@Emilski - Interesting, we always called them pen knives instead of X-Acto like the brand name. As for a folding knife, I can't say I have ever seen one. If you're wanting something you can keep in your pocket, though, they definitely make retractable pen knives. I have one. It is very handy, and mine even has a locking mechanism, so it wouldn't be able to come out even if the retracting mechanism got pushed up.

Does anyone know if there is any difference in normal utility knife blades? I was at the store looking at them the other day, and there was a pretty big difference in the price per blade depending on the brand. I didn't know if they were all basically the same and brand was the only thing driving up price, or if some blades just aren't made as sharp as others.

I ended up choosing the kind priced in the middle, but am just curious for when I shop for them next time.


Does anyone know if they make a utility pocket knife with an X-Acto type blade?

At my job, sometimes I need to shave small pieces of wood and plastic off of different things. Utility knives are okay for the job, but sometimes they can be too big. I would like something that is a little smaller and more precise.

I used to use X-Acto knives all the time when I built model cars and planes and stuff, but I never remember seeing folding knives. X-Acto knives always come with covers, but I'm not sure I would trust it to stay on in my pocket, and that could end badly.


I used to have a retractable utility knife set with the segmented blade, but I ditched them after I about cut my arm open using one of them.

It was always handy to be able to just snap the dull blade off after you had used it a while. If you have a knife like this the trick is to get a hand towel and fold it up, put the blade on a hard surface with the towel over the top (to stop the blade from shooting off and cutting you), and then press down until it separates.

The problem I had was that sometimes you need a longer blade than what the knife can safely handle. I put the blade out a couple extra notches one time, and the blade broke while I was cutting something and put a small cut in my arm. Luckily it was minor, but it could have easily been worse.


I always think of the types of utility knives mentioned in the article as having different specialty uses.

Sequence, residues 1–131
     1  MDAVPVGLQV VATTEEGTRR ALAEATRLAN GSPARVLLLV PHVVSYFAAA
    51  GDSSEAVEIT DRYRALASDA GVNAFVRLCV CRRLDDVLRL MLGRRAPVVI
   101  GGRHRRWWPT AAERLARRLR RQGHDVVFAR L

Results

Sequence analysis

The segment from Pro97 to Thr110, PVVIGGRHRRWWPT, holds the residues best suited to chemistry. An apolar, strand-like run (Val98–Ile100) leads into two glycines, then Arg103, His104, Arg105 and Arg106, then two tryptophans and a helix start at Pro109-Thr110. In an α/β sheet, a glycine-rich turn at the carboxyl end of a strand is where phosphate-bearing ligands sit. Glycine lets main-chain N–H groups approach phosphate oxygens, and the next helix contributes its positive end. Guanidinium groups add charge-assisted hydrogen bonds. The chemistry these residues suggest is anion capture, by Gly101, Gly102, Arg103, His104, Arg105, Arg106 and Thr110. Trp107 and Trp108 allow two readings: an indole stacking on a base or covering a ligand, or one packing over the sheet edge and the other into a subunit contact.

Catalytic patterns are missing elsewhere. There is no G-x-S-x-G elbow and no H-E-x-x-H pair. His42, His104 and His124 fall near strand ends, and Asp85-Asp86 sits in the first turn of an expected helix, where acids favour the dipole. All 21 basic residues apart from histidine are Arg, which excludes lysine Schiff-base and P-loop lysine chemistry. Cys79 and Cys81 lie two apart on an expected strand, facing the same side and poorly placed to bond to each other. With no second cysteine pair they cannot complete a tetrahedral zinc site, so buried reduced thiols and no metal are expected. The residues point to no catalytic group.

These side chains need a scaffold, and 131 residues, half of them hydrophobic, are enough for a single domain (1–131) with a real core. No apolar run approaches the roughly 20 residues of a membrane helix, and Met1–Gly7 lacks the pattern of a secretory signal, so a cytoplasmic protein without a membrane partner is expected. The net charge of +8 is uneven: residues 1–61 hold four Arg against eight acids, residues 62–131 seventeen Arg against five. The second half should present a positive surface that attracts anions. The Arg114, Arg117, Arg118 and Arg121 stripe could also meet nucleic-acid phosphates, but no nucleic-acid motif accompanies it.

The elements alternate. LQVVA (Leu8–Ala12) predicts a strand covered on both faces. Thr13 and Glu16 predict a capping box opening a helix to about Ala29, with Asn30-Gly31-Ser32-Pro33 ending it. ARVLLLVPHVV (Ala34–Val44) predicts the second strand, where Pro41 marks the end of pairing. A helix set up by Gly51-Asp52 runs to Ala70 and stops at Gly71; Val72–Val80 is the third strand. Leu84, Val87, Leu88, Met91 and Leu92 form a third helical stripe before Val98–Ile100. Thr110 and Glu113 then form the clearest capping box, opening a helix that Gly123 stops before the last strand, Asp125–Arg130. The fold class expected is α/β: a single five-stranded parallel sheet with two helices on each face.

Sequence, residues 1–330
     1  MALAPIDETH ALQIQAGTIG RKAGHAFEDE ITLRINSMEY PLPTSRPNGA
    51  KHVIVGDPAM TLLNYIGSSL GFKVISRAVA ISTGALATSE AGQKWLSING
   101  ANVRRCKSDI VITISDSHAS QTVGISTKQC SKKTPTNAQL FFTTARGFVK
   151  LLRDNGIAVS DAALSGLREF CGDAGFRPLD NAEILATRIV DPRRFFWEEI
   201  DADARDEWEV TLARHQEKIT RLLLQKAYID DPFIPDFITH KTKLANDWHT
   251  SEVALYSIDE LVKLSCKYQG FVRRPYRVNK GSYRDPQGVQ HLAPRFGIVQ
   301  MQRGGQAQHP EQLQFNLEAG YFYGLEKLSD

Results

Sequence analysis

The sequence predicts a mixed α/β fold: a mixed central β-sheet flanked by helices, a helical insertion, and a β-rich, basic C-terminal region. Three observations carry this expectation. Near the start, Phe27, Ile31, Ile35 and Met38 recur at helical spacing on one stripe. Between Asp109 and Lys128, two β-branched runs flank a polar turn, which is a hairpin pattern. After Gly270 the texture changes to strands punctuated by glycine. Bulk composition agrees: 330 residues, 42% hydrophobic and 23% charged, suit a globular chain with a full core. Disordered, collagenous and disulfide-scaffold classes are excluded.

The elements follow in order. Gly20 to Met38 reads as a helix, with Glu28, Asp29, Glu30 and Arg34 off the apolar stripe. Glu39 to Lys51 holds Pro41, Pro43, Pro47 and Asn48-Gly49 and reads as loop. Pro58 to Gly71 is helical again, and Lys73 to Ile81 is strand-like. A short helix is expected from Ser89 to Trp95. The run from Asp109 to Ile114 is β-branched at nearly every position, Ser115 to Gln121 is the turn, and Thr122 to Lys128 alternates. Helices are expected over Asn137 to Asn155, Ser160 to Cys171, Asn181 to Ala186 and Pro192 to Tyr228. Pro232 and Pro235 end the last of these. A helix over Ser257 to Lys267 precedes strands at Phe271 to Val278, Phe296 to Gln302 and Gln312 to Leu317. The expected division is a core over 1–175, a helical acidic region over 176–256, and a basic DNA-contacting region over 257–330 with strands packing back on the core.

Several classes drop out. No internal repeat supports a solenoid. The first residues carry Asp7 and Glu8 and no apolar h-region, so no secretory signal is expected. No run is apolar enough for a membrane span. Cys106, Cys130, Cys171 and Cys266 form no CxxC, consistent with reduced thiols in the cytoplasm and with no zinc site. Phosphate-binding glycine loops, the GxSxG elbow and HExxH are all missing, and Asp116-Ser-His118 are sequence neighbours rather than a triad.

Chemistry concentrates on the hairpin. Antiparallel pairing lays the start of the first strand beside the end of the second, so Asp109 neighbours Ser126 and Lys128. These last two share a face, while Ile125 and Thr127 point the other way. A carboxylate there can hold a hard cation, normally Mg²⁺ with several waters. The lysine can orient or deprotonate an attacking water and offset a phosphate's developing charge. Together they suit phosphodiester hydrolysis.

The X-Acto knife usually has a small, very sharp blade for making precision cuts, hence the name. The one I have can be fitted with a bunch of different blades for different purposes.

Carpet knives use a completely different blade that is straight on both sides and rounded on the edges. I've used one to cut carpet before. I guess the shape makes the blade less likely to snap, since sometimes it can take a lot of pressure to cut carpet.

As for box cutters, I usually think of these as folding knives where the whole razor blade is held outside of the knife handle.


I have a folding utility knife that I keep close by in what I call my kitchen junk drawer. This way I always know where it is when I need to use it.

This is the best tool I have found to open boxes and packages that are shipped. I spent too many times fumbling around with a regular knife or looking for a pair of scissors in the past.

A utility knife makes a quick, clean cut so you can open the package without struggling. I also like that this utility knife folds in half so the blade is covered when not in use.


I work in a grocery store stocking shelves and I carry a multi tool on my hip at all times. It is absolutely necessary because in any given day I have to open up upwards of one hundred boxes. You can cut through the packing tape that holds them closed with just about any kind of knife, but there is no knife that is as quick and easy as a utility knife. It is mandatory for anyone who has to open boxes all day.


I have an awesome utility tool that a friend of mine brought me back from Japan. It has everything you would expect in a normal multi-tool, blades, scissors, screw drivers and a saw, but it also include a retractable razor blade that gives it the function of a utility knife.

This is great because it combines literally all the tool that you might need in any given work day. I wear the multi-tool on my hip and it comes in handy at least a dozen times a day. I have never seen another multi-tool like this one but I hope some intrepid knife makes will introduce a line of them here in the states. They could sell a ton of these if they tried.